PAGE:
I’ve been freelancing for just over 8 years now. While I never dreamed or planned on being a freelancer, there is certainly no way I’ll ever go back to traditional employment. Looking back on those
I’ve been freelancing for just over 8 years now. While I never dreamed or planned on being a freelancer, there is certainly no way I’ll ever go back to traditional employment. Looking back on those eight years, though, makes me think what a long strange trip it’s been through ten random thoughts:
- I graduated with a degree in Psychology, but started freelancing doing web programming with no experience. I even write what you see here after many past failures in writing. Uhm, what just happened?
- My most valued possesions are now whittled down to just a computer, Wifi, PayPal account, passport, and discipline. Sunlight, too, but I don’t really own that.
- Of all my clients, who are located in Spain, USA, Canada, Australia and Sweden, I haven’t met 93% of them face-to-face.
- Of those remaining 7% of clients, all except one live in the same city. I actually travelled 5266 miles once to see that last one. Not even the one in Australia either.
- Out of those who I haven’t met personally, I can recognize 22% through their voice, YouTube video, photo in Facebook or a Gravatar. Who knew a “gravatar” would become a univeral means of recognition?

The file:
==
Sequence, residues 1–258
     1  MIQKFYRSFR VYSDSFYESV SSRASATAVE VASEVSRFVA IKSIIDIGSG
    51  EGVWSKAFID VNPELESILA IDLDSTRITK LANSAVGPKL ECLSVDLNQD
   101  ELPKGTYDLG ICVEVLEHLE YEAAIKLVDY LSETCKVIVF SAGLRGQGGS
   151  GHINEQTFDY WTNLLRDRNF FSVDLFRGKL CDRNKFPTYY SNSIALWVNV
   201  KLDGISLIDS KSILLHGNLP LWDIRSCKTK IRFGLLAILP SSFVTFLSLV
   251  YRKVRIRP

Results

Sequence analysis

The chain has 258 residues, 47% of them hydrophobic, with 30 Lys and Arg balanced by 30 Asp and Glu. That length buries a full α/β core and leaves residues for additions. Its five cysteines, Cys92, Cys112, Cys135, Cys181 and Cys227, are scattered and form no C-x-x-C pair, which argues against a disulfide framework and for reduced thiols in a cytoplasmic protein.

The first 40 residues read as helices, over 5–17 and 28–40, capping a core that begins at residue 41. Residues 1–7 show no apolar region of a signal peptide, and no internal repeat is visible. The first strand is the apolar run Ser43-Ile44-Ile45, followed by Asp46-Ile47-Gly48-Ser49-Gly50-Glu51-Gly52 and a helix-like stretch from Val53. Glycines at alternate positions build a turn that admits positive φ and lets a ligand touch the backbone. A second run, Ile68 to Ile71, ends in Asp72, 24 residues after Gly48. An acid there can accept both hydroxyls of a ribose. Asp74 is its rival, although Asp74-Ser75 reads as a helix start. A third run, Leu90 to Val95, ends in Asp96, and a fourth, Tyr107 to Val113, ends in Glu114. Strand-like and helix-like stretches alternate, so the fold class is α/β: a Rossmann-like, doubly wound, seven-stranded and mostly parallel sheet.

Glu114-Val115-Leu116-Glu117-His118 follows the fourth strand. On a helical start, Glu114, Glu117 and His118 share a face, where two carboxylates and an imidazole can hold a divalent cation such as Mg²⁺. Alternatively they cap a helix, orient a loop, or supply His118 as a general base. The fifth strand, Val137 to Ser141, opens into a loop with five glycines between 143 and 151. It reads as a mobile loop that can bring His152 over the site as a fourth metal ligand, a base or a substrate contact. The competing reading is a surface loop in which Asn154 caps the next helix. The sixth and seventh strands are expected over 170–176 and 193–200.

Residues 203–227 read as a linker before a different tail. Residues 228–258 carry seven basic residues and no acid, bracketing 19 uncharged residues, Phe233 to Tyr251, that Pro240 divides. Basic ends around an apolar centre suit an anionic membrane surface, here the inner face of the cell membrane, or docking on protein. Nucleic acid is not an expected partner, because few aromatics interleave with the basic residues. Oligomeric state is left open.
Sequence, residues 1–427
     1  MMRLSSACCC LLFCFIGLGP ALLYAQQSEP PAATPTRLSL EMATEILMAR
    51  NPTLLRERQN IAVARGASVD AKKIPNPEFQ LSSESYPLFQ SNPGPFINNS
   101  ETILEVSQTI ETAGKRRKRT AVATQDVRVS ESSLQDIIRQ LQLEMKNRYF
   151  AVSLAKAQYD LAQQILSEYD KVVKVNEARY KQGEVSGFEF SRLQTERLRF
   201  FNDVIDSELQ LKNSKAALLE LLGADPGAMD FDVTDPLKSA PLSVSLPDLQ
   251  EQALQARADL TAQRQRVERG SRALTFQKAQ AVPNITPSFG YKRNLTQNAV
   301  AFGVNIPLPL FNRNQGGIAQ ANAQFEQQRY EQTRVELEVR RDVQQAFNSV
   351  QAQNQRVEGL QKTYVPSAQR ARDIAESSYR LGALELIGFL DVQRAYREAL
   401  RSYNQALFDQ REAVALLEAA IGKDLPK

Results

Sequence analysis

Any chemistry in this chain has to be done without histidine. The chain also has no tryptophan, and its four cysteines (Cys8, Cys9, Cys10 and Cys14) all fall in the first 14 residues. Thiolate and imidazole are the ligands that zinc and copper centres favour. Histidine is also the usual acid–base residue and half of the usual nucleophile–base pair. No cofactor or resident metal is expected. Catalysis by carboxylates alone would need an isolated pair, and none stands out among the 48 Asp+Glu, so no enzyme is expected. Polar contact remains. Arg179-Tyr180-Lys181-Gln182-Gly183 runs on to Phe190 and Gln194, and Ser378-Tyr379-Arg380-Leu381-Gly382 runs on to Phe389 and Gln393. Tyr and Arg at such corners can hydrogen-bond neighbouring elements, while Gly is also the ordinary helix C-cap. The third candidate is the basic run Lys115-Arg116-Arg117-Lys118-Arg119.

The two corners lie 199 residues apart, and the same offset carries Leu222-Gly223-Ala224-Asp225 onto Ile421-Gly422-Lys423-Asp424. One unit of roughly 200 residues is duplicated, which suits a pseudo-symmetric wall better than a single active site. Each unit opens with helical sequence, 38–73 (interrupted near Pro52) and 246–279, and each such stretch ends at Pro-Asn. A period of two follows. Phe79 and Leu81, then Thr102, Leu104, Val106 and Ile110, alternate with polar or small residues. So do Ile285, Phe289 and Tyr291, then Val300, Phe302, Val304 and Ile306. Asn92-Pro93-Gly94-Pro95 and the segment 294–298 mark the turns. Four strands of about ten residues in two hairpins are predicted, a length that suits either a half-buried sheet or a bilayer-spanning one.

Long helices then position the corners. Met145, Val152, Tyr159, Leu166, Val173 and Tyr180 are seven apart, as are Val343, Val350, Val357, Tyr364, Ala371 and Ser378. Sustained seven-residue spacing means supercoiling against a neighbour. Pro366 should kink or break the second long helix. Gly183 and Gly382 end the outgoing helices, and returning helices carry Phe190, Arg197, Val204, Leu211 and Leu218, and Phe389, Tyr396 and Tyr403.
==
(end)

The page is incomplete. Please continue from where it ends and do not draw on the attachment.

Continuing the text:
- Probably my worst occupational hazard has been a severe addiction to caffeine and Swedish tobacco pouches (a.k.a. “snus”).
- Definitely my worst occupational hazard… current withdrawals from drastically cutting back on each.
- All of these will happen at least once in your career: You get stiffed on a payment, your equipment gets lost/stolen/damaged/eaten, you’ll survive a week on a $10 food budget (borrowed from a friend).
- Then again, the following will also happen at least once too: You’ll find a cash cow of a client fun88 (through pure luck), you’ll truly enjoy that first vacation you take and you’ll also truly savor those meals when you begin to eat out again.
- Then there is the discovery of one of Murphy’s Law of Freelancing: If there ever is a point when you are so desperate for work, that you consider the sex trade, it will be immediately followed by a period of so much work that you won’t be able to stop complaining about it.